The Financial Ombudsman Service has outlined how it calculates redress when it upholds complaints about the mis-selling of pension mortgages.
Pension mortgages enable people to take advantage of the tax concessions associated with pensions by building up a lump sum which can be used to pay off an interest-only property loan.
But the policies carry risks, as the amount of money available at the end of the policy depends on stock market performance and it reduces the amount of the fund available to rely on in retirement.
When deciding whether a pension mortgage was mis-sold, the Fos will look at whether the advice was suitable in view of the consumer’s specific circumstances and needs at the time of sale.
The aim in calculating redress is to put the consumer back, as far as possible, in the position they would have been in had they not been inappropriately advised.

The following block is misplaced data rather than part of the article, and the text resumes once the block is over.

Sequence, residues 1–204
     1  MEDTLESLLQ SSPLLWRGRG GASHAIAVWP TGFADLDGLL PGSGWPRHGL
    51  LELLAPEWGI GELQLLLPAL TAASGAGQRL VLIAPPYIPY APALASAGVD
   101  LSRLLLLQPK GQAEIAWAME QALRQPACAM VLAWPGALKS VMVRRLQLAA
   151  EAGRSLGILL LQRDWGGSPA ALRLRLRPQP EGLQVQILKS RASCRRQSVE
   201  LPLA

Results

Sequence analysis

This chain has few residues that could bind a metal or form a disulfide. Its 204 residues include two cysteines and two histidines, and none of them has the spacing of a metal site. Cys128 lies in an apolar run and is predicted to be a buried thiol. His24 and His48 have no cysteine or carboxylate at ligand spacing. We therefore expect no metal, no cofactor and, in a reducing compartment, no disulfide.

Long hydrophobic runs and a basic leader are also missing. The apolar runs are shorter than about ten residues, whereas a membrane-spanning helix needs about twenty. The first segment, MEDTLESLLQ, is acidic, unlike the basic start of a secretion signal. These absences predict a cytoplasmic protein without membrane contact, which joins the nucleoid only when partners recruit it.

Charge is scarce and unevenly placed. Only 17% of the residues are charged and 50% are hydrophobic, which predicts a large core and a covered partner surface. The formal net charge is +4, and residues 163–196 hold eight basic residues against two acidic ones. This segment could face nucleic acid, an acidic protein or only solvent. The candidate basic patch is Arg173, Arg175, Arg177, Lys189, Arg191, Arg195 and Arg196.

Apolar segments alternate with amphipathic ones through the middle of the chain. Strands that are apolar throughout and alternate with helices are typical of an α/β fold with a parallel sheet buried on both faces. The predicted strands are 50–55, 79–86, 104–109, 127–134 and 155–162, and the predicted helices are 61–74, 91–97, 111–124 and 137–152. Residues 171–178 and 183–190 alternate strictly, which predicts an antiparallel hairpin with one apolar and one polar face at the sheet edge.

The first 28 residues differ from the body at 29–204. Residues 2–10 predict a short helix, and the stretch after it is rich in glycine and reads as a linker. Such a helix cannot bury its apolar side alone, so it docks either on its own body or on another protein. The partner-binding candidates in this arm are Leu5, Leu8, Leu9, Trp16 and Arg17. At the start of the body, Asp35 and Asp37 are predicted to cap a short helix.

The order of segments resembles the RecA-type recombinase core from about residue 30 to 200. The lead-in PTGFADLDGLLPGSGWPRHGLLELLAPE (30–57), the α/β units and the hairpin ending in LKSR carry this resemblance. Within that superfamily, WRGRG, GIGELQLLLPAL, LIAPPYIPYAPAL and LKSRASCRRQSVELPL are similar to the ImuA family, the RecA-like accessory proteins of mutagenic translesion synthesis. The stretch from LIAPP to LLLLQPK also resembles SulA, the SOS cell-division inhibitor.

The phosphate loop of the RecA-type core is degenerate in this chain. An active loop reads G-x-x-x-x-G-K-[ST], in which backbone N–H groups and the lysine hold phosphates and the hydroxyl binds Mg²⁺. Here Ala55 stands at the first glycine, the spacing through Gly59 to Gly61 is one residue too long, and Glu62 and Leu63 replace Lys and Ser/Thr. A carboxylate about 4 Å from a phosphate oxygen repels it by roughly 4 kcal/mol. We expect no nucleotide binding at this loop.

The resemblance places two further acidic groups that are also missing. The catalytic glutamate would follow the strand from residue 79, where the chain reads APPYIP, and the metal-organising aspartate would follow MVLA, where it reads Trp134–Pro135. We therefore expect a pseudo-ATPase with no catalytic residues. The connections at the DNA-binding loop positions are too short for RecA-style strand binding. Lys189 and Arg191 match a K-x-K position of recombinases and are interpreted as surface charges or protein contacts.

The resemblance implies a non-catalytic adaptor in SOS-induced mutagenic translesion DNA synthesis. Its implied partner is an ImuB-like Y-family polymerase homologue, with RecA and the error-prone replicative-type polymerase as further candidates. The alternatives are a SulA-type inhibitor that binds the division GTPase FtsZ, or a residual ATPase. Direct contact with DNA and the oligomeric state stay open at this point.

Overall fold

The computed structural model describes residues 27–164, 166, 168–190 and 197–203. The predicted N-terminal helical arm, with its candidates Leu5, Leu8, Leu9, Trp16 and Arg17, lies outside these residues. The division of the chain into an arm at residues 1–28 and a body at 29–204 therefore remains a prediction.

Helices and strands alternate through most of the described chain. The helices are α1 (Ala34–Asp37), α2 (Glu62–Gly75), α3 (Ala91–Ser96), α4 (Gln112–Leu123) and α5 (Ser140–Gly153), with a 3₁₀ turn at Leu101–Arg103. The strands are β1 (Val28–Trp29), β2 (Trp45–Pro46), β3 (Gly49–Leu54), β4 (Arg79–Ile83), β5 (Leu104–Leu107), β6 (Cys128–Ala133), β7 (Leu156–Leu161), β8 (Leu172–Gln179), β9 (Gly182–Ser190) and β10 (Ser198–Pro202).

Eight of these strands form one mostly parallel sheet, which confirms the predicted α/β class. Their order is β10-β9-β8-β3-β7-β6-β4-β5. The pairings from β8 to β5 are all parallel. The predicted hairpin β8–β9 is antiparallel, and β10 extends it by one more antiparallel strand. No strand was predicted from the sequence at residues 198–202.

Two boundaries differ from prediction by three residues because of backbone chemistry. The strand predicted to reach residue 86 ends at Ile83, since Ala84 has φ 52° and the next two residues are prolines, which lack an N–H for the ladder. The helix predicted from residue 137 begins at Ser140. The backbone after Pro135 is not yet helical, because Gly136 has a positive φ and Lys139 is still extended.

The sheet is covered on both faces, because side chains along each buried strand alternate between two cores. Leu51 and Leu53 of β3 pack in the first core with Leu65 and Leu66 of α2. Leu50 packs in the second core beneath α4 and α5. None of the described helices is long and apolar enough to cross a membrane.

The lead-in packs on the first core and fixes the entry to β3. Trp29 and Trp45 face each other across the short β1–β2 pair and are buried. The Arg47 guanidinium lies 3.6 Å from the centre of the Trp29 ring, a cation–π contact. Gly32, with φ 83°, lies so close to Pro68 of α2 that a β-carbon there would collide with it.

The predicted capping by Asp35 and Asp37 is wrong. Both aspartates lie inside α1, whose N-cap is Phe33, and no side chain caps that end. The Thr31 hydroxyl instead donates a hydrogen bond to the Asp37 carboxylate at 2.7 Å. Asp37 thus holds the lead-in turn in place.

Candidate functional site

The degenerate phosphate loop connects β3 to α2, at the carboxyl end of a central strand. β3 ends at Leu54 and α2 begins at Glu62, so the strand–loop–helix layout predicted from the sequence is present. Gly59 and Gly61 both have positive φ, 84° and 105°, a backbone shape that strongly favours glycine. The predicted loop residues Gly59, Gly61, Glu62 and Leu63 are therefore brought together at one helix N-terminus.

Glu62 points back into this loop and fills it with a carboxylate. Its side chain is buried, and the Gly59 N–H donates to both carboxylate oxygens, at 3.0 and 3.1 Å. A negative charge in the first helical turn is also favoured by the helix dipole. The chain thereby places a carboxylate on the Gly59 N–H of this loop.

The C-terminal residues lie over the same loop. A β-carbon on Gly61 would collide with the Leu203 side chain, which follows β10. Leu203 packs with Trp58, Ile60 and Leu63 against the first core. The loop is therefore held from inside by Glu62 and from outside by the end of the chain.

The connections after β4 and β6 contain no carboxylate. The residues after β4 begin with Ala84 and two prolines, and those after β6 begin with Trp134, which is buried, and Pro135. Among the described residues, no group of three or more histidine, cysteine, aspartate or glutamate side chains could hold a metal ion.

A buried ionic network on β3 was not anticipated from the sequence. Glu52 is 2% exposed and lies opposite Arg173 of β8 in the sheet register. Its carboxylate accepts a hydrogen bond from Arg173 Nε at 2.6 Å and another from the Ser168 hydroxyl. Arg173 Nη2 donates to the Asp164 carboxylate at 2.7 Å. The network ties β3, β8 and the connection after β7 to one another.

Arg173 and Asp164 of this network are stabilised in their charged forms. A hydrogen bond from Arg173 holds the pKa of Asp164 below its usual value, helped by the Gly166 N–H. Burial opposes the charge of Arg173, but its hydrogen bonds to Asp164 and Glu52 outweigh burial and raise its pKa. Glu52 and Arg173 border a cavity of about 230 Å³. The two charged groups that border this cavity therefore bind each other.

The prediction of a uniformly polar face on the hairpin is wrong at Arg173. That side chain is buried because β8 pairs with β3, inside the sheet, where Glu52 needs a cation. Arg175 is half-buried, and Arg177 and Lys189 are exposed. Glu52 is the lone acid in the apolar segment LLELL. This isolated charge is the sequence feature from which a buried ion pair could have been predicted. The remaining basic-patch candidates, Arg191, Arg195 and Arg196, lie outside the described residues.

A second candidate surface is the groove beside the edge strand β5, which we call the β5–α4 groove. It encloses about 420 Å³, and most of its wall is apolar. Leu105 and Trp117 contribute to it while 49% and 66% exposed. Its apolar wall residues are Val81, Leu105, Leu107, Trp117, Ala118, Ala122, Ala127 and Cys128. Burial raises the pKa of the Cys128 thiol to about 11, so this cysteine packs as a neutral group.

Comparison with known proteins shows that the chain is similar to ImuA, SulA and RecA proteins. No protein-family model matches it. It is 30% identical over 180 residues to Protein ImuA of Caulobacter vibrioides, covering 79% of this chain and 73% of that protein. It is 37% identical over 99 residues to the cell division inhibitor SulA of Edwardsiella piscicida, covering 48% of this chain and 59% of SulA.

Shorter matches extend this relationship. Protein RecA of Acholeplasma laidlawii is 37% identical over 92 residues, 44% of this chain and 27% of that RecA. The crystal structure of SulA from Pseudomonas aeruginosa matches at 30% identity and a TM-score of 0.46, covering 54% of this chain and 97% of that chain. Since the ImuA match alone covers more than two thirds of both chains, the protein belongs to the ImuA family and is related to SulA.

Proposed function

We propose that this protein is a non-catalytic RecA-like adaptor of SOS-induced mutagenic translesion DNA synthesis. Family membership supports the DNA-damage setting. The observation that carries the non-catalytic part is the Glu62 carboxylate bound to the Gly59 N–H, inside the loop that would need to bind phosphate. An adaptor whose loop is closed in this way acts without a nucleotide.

Although the Fos’s starting point is the same as with mortgage endowment mis-sales, calculating redress for pension mortgages is more complex because only the cash element of the pension would have been intended for mortgage repayment and pensions cannot usually be surrendered.
It says it only the most exceptional circumstances – perhaps when both the pension and the mortgage elements are unsuitable – would result in a cancellation of the entire policy and a refund of the premiums paid, plus interest.
Where an existing pension is ‘converted’ into a pension mortgage, the Fos usually decides only the ‘new’ part of the pension should be taken into account when redress is calculated.
Similarly, where the pension contributions are intended to produce a higher cash sum than is needed to repay the mortgage, it disregards the ‘extra’ contributions.
If you have any comments you would like to add to this story or would like to speak to its author about a similar subject, telephone Emily Perryman on 020 7968 4554 or email [email protected].IFAonline
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